Betting on the Physical World

Reflections on an absurd couple of years.

Jun 2022

In the past two years, significant hype in the technology industry has centered around two main developments: crypto and virtual reality. With skyrocketing inflation, political unrest, racism, violence, climate change, a pandemic, wars, and so much more, people around the world are understandably disillusioned with our societal machinery and are looking for anything to come along and disrupt the status quo. Both crypto and virtual reality represent visions of leaving behind the world as we know it and creating some future that is less dependent on or completely independent from existing political, cultural, and physical systems.

I won’t make any predictions about what will emerge out of this turbulent period of history, whether anarchical systems take hold or humans find a way to fix and recover the trust in our institutions and leaders is outside my control. When humans look back at this era of human civilization, how will they talk about social media, cryptocurrencies, or our global and domestic politics?

Reading through The Atlantic’s essay on the uniquely stupid decade in American life, I find the diagnostic of everything wrong with our society to be paralyzing. Moving back to the states after nearly three years abroad, it’s hard to describe how different things feel now, even though much of my immediate hometown feels, on the surface, identical to how I left it. My parents and the largely Asian-immigrant population in San Jose seem more on edge after violent acts toward Asians, even going so far to amplify anti-Black or anti-Mexican attitudes of the far right.

Additionally, gun violence continues to be unsolvable as children and adults are senselessly murdered in a country that somehow believes owning assault weapons is a fundamental human right, invoking debates on the second amendment, thoughts and prayers, and further inaction. As a technologist, these issues not only reveal to me what is broken about our society, but also that our problems cannot be solved through technology alone.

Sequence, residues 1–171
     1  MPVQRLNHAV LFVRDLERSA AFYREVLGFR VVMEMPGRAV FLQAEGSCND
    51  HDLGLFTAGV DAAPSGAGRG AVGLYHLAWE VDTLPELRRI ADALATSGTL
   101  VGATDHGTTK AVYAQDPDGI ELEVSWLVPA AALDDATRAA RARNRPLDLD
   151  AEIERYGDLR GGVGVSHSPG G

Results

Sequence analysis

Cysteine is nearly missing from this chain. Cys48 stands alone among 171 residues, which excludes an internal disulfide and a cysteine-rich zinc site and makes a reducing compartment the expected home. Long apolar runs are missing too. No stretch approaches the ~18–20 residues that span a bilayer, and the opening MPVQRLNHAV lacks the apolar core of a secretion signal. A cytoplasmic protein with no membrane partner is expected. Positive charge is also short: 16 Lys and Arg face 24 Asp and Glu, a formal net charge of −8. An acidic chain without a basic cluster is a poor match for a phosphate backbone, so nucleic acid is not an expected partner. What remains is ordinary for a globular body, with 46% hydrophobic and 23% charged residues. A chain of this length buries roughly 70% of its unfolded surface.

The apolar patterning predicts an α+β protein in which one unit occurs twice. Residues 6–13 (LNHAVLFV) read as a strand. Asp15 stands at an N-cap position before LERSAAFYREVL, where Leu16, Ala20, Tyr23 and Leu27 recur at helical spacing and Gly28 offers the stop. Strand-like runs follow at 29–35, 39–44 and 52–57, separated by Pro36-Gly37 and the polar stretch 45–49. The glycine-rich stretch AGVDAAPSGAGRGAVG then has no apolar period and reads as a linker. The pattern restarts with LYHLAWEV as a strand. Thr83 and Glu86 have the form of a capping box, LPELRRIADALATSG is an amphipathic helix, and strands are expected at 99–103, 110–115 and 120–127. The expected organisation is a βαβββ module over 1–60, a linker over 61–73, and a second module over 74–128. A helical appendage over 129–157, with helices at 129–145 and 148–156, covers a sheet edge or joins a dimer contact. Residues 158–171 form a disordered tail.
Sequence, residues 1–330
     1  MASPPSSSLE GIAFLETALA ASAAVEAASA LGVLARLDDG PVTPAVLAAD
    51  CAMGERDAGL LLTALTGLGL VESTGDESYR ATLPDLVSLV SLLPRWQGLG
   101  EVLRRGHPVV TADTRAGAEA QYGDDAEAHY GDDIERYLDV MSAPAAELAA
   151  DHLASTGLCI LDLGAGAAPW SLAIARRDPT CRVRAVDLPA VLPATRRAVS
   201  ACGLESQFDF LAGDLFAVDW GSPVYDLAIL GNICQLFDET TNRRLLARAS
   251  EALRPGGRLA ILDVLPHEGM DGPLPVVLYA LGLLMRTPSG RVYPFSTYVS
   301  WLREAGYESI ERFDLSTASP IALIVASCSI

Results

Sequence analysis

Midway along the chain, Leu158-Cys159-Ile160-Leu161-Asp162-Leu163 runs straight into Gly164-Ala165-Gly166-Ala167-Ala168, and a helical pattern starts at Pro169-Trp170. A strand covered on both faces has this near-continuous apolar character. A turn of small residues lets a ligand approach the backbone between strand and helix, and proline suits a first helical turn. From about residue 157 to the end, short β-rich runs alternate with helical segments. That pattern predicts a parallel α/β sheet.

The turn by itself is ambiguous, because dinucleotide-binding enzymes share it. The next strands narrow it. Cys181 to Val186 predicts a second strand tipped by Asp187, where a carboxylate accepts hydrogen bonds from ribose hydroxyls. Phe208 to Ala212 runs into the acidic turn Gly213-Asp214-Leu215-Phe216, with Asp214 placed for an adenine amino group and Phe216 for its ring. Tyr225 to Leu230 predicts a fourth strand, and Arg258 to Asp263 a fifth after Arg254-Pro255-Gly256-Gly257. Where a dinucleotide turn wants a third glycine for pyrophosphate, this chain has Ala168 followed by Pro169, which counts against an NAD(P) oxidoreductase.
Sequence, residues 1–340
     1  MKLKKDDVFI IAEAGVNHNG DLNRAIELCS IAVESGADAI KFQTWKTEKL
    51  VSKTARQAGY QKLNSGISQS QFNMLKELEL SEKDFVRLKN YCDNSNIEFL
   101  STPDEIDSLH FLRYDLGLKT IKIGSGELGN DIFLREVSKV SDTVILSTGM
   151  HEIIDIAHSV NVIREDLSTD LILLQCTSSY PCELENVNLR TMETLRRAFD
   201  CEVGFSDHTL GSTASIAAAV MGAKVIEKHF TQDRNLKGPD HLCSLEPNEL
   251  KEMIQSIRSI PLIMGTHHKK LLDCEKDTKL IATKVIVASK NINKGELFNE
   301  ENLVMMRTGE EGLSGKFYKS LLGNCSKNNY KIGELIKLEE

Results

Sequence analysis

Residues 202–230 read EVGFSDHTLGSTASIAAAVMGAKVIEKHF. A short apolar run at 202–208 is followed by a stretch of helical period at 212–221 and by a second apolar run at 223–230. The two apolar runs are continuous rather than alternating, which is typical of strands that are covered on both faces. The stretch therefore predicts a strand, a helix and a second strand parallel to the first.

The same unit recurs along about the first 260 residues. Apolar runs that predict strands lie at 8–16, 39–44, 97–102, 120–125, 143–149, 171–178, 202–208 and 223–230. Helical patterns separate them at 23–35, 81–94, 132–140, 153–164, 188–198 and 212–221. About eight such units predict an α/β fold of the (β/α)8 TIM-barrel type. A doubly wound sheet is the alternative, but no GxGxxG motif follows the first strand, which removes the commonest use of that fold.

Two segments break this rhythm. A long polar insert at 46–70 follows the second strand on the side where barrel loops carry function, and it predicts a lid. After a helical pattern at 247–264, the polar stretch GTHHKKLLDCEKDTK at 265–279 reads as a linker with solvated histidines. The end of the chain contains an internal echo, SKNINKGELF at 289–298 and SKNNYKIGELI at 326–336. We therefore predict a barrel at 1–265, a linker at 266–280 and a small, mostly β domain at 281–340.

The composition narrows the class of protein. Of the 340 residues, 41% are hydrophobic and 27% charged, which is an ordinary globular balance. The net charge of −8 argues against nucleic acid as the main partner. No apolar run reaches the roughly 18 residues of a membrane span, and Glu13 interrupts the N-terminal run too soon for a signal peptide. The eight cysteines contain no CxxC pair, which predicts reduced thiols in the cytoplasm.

In the past few years, I’ve examined issues such as climate change, elections, and more from the perspective of a data journalist, crunching numbers and making graphics to better understand news events. Looking at so many disasters beyond our control has revealed to me why we feel so burnt-out, unmotivated, and defeated. Maybe the way that we’ve oriented our ambitions and careers haven’t done much to address our physical world with human-centered solutions. No matter how much we improve and advance our technology, digital tools, and internet societies, our physical world will continue to be the most important investment in our future. There’s no shortcut around investing in sustainable energy, education, public health, and civic society the way we have done for decades.

Don’t get me wrong, I get excited about large, ambitious visions promising big change in short time-frames as much as anyone else, but as I’ve gotten older I’ve also begun to recognize how small, often low-tech changes are the most reliable way of tangibly affecting change. Traditional institutions such as newspapers and governments, as flawed as they are, still have a lot more influence and stability than the startups and experiments of those living on the cutting edge.

That’s why I’ve decided to pursue cartography and geographic information systems in order to help better address issues including managing our land, resources, and waste. Some of the most oldest problems facing humanity include the way that we manage our land and natural resources, making the potential applications for better geospatial tools endlessly important. Geospatial visualizations provide journalists with better ways of telling news stories, especially when used in stories that explore vast amounts of data such as politics, climate change, or other socio-economic issues.

But beyond that, I’ll be looking for more ways to give back to my communities whether it be the people in my neighborhood, industry, or complete strangers, doing what I can to help others be successful.